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“Something That God Intended”

I'm sure you've all heard by now that a Senate candidate from Indiana, Richard Mourdock, is in hot water over a reply he gave during a debate this week. He was asked if he'd allow abortion in cases of rape, and he said he believes "life begins at conception" and that "life is a gift from God." All life? You bet. "I think," he continued, "even when life begins in that horrible situation of rape, that it is something that God intended to happen."

I hesitated before including Mr. Mourdock's party affiliation here, because I wasn't sure it was relevant and I don't want to come off as partisan. Ultimately, however, I decided to note that he's Republican, largely because it follows on the heels of several ill-advised remarks from other Republicans on the topic of rape. These comments have many female and/or feminist voters wondering whether the GOP has it in for women. In states like Florida, recent polls suggest the female presidential vote leans toward Obama while the male vote leans toward Romney, so this is no minor issue.

If the GOP has, shall we say, a more traditional view of women and what makes them tick, that shouldn't surprise anyone. By definition, conservatives tend to like things the way they used to be; the only real variation is whether they want to regress to 1900, 1950, or 33 A.D. Being a woman who's Republican these days is kinda like being a black guy who's a Klansman. Now, before that enrages you, please don't misunderstand: I get why a woman might be fiscally conservative. I get why she'd oppose bloated government or a staggering deficit. I can even understand why she'd be pro-life. I just pity her for all the nonsense she has to overlook to be in her party of choice. Whether it's Henry Aldridge and Todd Akin believing a woman's uterus contains anti-rape sperm stompers, or Rush Limbaugh (what a wonderful sense of humor he has) quipping, "I love the women's movement--especially when walking behind it," or Clayton Williams advising rape victims to "lie back and enjoy it," or Jon Kyl claiming "well over 90 percent of what Planned Parenthood does" is abortion (try 3 percent), then having his office tell CNN this "was not intended to be a factual statement," you conservative women must live in permanent cringe mode these days.

So yeah, it kind of is a party thing. I tried to find equivalently stupid things Democratic candidates have said about rape but came up empty. If you know of one, please, post it below. I know liberals say imbecilic things all the time--Joe Biden is everyone's current favorite example--but not on that subject. What I will admit about liberals is we take abortion too lightly. If life did begin at conception (more on that in a moment), then abortion would be the leading cause of human death in America. It's not just some occasional thing. If you believe a day-old fetus is a person, then yeah, abortion is genocide. I can see why you'd be incensed about it.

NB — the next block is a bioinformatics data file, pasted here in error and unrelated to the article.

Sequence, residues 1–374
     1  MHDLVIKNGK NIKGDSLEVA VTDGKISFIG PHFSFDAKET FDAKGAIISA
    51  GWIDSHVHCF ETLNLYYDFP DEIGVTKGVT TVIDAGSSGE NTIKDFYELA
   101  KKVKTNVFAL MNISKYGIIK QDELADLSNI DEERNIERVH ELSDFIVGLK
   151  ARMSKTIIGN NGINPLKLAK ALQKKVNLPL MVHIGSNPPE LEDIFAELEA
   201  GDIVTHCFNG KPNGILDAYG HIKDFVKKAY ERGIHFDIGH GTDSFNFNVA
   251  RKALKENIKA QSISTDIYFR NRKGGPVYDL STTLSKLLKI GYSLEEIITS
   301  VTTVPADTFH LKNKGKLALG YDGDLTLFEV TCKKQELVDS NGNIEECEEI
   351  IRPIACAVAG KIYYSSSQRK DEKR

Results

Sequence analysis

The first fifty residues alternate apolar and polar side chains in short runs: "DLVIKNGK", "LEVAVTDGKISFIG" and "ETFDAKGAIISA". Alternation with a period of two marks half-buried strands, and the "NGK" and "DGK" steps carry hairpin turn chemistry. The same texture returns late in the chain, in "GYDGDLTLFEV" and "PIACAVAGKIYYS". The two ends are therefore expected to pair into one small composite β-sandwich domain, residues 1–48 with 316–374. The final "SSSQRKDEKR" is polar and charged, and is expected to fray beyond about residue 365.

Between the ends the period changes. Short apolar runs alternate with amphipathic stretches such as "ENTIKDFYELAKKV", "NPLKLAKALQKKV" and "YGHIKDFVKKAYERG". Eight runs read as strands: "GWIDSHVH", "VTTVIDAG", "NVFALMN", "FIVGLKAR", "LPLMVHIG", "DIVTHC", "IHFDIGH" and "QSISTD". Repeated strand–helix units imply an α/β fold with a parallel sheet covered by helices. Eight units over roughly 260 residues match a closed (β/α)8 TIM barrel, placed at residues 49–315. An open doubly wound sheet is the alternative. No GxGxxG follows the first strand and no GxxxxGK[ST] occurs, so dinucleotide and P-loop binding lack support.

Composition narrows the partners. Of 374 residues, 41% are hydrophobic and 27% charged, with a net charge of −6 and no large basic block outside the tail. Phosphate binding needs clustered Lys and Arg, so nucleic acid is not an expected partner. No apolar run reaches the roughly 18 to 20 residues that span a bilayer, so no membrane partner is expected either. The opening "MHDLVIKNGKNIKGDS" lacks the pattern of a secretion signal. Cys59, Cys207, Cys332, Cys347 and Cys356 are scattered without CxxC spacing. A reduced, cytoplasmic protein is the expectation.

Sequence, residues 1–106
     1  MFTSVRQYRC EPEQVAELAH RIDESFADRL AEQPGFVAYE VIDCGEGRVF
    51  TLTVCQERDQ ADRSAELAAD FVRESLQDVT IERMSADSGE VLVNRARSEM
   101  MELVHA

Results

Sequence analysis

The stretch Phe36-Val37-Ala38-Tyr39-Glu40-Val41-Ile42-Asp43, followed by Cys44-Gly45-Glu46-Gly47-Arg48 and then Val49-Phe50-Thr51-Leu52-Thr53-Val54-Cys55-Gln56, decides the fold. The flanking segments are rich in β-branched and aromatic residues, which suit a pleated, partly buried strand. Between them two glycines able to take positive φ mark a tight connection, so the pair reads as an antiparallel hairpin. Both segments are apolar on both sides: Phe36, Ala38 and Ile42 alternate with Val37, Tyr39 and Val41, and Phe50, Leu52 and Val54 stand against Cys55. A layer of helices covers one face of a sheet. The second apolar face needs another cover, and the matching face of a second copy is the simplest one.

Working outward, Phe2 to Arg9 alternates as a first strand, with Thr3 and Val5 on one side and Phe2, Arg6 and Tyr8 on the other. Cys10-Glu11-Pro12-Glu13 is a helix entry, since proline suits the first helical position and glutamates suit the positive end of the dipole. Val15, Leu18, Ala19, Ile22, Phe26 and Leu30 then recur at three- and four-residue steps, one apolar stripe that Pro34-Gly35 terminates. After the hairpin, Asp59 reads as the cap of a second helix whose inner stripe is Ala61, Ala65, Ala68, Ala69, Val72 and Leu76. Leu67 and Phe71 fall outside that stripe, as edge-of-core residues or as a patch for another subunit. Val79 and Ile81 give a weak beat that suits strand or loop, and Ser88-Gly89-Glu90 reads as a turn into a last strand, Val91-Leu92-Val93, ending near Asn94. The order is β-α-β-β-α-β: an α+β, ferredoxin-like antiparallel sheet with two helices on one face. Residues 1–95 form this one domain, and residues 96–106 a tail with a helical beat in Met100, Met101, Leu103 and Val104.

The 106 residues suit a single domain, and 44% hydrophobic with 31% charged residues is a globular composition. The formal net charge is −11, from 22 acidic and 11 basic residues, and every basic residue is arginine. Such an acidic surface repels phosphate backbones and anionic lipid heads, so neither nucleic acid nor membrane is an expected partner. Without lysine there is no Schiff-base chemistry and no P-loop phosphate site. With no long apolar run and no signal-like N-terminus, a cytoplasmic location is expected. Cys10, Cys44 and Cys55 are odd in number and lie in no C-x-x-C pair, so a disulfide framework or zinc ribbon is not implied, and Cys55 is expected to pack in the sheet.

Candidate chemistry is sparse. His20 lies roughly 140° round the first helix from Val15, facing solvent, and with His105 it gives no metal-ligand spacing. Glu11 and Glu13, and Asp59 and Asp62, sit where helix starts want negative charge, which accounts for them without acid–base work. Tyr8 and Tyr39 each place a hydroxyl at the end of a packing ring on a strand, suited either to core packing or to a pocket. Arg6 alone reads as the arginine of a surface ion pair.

I have to say, though, I've thought about this issue very deeply, as deeply as most in the pro-life camp. Indeed, I used to be pro-life myself, at least until well into my 20s. Without getting into specifics, it's touched my family (though not me directly) in a personal way. I've walked down a line of museum displays of zygotes and fetuses and embryos and tried to determine exactly when I believed those lumps of cells qualified as a human. I couldn't do it. It was somewhere to the right of the start and left of the end. I go around and around on this, and I don't blame anyone for being undecided about it, though I disregard any claim that life begins either at conception or the instant the baby sees daylight. That just doesn't make any sense. If you're going to say life begins at conception, why stop there? A sperm or an ovum is still a potential life; in fact, it's already alive. If you're a man who's ever masturbated or a woman who's ever menstruated, you've terminated sex cells that could've been babies nine months later. If God wanted every sex cell to become a baby, He wouldn't have created a reproductive system that blithely dispenses with so many possible lives. On the other hand, it's pretty much impossible to look at a seven-month-old fetus and not see it as an infant in training. We have to understand these issues are not cut and dry, and even well-intentioned geniuses like you and me can disagree with good reason.

Now. Back to Richard Mourdock. I want to commit liberal heresy and let this guy off the hook.


Listen, Mourdock is simply wrestling with a problem as old as religion itself, the problem of suffering. If you believe in a loving, all-powerful God Who can see into the future, eventually (say, age seven) you're going to wonder why He doesn't do something about suffering. And your authority figures, who never quite figured this one out themselves, will say something soothing about "God's will" and the "divine plan." Later, as you get older, they'll develop this argument to contend that when Jesus died, this somehow fixed the problem of suffering. Then Mom or Dad or Pastor Smith will tell you to go outside and play before you can ask the obvious question, which is why we're still suffering and dying two thousand years after Jesus died. The problem of suffering, or, to use its smartypants name, "theodicy," is an insurmountable paradox. Now, generally speaking, when scientists discover a paradox in earlier thinking, they realize somebody made a mistake. Religious people have a harder time doing that, but it still comes up surprisingly often.